Betrayal, by Heather Timmis, MA, LMFT

Betrayal, at its core, is a breach of trust in a valued relationship. This can happen in many ways and it can hurt on any number of levels. After a discovery of a betrayal, various feelings rise to the surface. The first is often anger, but anger tends to be a blanket emotion covering other feelings such as hurt, fear, frustration, confusion, sadness, disappointment, or resentment. However, the feeling of betrayal can manifest itself in ways outside of thoughts and feelings via physical symptoms such as headaches, stomach pain, indigestion, and other aches. Therefore, it is imperative to engage in a lot of self-care when recovering from a betrayal. This could include deep breathing, positive self-talk, guided meditation, prayer, engaging in fulfilling activities with loved ones, talking to a trusted confidant, exercising, or finding what other types of self-care that work for you.

After the initial shock of betrayal wears off, some people may feel the need to act. This can take on various forms depending on both personality and intimacy of the relationship. Some people may want revenge or justice, whereas others might question themselves or want to escape. No matter the desired action, nothing will erase the betrayal. Trust will have to be rebuilt slowly over time. There is no clear roadmap of how to regain trust in a relationship. One step is processing your emotions, so you can recognize your needs and limits. Once that is done, you can begin to communicate to your support system how they can help you. As for the betrayer, you must decide if you are willing to consider a reconciliation, and if so, communicate with them to find out if they are willing to take the necessary steps to make amends. A decision to pursue reconciliation can lead to taking small risks in vulnerability to gradually enhance trust again. There will be a lot of ups and downs, but ultimately a relationship that survives a betrayal can be stronger. It pushes both people to analyze their roles, needs, desires, and requires a lot of self-reflection that might not have happened otherwise. If a relationship doesn’t survive, know that some people are only in our lives for a certain chapter but a lot can still be learned from all connections.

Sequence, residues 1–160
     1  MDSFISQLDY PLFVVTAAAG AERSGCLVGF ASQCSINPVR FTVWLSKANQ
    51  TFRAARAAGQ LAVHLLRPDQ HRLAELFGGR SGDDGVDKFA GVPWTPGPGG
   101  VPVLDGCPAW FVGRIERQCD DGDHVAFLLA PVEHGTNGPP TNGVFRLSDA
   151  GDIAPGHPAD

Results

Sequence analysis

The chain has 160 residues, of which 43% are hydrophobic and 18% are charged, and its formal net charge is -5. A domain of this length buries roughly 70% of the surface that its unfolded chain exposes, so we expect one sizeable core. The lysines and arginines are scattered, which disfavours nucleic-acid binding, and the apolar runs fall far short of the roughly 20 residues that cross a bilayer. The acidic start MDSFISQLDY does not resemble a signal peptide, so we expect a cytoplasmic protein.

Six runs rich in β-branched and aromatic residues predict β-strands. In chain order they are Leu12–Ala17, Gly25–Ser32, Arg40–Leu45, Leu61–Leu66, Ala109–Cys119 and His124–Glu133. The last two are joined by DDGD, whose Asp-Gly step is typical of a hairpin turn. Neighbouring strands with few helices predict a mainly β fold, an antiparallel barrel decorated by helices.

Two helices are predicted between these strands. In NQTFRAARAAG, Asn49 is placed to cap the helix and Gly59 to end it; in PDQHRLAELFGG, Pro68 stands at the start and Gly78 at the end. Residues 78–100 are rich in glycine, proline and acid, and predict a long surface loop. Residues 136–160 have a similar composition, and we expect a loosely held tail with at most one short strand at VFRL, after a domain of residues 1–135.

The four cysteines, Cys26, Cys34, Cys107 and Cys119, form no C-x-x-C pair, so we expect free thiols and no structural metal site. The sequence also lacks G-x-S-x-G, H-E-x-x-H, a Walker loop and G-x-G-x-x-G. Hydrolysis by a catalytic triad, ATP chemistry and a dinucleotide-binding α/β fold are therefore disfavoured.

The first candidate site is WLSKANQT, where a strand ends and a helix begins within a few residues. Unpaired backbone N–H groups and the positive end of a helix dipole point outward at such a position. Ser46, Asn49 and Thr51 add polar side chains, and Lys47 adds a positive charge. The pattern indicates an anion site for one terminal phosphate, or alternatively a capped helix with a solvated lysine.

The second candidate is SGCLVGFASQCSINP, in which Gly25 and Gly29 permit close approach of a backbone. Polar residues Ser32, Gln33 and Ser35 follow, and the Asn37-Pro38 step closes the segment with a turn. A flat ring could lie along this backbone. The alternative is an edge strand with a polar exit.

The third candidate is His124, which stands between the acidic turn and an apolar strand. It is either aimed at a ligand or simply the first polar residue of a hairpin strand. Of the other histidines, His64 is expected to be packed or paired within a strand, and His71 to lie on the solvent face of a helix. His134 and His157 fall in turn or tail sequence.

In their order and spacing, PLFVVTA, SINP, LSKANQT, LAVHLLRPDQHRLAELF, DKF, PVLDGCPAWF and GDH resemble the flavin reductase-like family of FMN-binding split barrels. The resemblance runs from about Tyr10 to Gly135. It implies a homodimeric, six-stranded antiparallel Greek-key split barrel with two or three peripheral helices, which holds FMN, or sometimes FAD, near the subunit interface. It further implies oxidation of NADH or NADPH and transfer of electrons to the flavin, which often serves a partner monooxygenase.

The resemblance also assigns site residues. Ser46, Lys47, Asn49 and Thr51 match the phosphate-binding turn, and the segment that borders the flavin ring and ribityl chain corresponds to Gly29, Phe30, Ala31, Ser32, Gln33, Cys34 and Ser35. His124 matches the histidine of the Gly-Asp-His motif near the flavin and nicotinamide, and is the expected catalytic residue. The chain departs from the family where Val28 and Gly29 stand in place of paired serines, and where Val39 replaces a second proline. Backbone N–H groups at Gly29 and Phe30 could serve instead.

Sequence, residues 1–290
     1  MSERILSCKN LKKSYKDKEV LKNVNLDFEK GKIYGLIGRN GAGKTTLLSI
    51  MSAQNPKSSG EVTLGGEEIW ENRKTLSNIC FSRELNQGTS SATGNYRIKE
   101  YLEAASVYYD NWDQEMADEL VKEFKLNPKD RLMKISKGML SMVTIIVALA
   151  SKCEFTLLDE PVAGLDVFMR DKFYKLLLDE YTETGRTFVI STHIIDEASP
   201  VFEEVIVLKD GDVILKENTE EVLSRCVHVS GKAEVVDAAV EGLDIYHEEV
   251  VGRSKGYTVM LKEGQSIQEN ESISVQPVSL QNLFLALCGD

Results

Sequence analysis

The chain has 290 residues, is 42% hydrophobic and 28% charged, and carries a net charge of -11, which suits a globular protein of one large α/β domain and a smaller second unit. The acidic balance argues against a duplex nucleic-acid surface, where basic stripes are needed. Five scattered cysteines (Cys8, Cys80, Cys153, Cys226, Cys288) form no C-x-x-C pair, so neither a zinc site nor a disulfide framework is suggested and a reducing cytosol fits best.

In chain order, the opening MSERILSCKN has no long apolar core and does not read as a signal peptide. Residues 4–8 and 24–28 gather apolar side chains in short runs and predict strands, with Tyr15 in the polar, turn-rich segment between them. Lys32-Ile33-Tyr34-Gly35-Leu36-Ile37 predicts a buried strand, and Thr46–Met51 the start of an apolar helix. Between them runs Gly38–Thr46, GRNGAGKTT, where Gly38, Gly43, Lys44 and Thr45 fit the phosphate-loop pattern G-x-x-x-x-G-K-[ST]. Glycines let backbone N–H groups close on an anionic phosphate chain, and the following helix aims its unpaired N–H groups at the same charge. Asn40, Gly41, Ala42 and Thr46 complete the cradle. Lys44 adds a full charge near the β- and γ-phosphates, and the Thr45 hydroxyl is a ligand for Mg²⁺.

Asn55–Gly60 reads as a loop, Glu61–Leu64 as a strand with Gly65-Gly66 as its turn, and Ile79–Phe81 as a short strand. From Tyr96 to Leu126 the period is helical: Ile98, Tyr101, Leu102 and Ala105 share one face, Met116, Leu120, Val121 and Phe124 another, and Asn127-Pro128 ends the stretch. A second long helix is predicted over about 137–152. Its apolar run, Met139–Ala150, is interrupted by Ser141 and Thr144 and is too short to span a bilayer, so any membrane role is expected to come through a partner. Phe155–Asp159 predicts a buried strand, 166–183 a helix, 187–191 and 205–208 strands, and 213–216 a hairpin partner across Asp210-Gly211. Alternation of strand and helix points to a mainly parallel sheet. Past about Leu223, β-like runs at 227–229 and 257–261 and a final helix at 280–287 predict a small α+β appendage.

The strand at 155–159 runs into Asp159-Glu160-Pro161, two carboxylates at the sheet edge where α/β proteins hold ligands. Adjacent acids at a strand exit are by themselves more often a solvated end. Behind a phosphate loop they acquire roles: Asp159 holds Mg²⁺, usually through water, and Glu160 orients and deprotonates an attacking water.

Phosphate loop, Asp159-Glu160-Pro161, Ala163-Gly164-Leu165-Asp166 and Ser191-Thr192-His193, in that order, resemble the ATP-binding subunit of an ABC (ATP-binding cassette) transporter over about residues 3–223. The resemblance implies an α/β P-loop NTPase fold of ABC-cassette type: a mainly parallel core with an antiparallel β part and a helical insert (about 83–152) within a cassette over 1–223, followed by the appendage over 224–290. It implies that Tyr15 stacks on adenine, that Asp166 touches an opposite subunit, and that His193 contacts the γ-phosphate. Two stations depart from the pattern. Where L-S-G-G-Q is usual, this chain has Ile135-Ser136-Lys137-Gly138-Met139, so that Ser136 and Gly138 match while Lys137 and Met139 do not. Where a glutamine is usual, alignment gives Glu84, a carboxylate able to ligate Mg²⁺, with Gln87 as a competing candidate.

2018-01-12T09:43:15-06:00January 12th, 2018|All blogs, We Tell Our Stories|0 Comments

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